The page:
Glitch vocabulary for reference
An urban demake refers to a new implication of an outdated program code into an existing one and can therefore be described as regressive (backward-looking). An example of this is neoclassicism in the history of architecture and art.
A functional glitch causes disruptive impairments to the function of objects and/or processes within a running program. The cause could be a program running in parallel or an error in the coding.
The term glitch came into English from the German word glitschen via the Yiddish gletshn (“slide or slide”). In various specialist areas (electronics, music, astronomy), glitch is usually described as short-term logical incorrect statements or disruptions. The term gained popularity through the designation of graphical errors and other malfunctions in video games. The glitches in video games are caused by errors in their coding (so-called bugs).
A glitch that describes the visual appearance of systemic processes that are not superficially visible. The glitch often occurs in combination with spatial glitches, when an object from an obsolete code or use case appears in a new coding as an artifact or relic.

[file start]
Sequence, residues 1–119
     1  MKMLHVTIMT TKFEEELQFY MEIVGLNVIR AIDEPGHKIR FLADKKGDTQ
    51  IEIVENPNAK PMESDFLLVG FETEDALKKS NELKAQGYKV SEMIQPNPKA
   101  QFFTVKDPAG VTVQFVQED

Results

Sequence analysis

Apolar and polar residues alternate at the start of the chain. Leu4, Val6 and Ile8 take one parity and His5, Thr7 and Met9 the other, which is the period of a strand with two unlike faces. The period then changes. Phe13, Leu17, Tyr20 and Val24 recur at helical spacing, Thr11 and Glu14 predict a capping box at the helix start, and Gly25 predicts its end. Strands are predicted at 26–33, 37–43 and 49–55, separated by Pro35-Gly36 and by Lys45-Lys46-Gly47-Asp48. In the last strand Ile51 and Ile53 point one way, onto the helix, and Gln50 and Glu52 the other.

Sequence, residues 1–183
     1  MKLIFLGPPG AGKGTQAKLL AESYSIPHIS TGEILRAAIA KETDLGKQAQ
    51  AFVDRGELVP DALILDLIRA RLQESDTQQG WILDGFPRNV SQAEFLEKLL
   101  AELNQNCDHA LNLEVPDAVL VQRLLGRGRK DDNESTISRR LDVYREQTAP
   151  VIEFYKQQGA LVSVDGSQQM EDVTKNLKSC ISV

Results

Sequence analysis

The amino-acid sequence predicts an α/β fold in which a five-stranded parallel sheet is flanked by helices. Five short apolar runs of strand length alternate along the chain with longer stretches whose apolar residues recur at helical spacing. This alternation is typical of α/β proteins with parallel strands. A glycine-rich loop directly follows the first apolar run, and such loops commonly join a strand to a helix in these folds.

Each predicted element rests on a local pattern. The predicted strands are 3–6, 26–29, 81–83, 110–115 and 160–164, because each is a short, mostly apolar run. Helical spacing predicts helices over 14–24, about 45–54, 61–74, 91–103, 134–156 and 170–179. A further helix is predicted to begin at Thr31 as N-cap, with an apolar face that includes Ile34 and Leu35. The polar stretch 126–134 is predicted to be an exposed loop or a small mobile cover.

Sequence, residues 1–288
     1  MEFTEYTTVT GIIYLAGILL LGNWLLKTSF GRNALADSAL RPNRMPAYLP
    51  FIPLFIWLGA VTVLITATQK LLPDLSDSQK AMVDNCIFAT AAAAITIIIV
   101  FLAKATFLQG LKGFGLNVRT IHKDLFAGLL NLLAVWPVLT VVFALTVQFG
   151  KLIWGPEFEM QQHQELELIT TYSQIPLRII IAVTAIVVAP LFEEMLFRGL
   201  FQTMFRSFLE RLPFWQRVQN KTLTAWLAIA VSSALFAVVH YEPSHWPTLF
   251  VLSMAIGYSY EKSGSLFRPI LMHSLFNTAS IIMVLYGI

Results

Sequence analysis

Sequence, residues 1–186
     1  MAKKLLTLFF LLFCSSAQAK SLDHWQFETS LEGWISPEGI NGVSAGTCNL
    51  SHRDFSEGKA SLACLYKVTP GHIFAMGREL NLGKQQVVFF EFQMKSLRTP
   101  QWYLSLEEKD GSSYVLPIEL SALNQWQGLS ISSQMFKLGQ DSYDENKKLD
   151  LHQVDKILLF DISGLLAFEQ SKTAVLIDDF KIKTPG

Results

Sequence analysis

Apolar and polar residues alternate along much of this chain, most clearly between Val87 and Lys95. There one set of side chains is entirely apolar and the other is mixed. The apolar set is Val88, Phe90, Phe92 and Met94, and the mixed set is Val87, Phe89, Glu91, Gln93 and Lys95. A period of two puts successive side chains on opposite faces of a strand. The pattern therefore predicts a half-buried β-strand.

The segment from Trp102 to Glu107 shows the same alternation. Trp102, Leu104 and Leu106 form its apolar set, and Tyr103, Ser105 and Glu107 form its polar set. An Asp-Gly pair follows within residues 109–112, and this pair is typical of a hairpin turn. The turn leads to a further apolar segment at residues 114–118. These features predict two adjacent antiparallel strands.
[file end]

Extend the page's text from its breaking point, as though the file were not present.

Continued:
This error occurs when a module to be imported cannot be found. Modules are statements or functions that are saved in separate files and can be imported into the script if necessary. This makes managing scripts easier.
An analogy can be drawn with administrative apparatuses, public service bodies or matters of strong public interest. In Austria, for example, there is no overarching spatial planning that sets out guidelines for land use, land sealing, development plans and regional development at the federal level. There are also no clear regulations on building materials, sustainable energy supply or CO2 consumption when constructing or operating buildings. Strategy papers and recommendations drawn up at federal and EU levels are not binding. Functions that we need for a working script are missing and cannot be applied.
A MemoryError is the “use up” of the available RAM. If the code contains an endless loop, the results of the arithmetic operations are temporarily stored in the main memory until it can no longer hold any more data. This occurs, for example, if a condition that was set to terminate the loop does not occur or it has not been defined.
Planners feel the same way about tasks in which certain framework conditions that are necessary for a meaningful solution to the given problem are never achieved.
Every computer has a predefined range of values that it can display or store. If the result of an operation falls outside this range, it cannot be saved or output correctly. An overflow error occurs.
If you look at urban planning developments, they often involve complex relationships. Knowledge and insights about it are difficult to grasp and difficult to communicate and present to the outside world.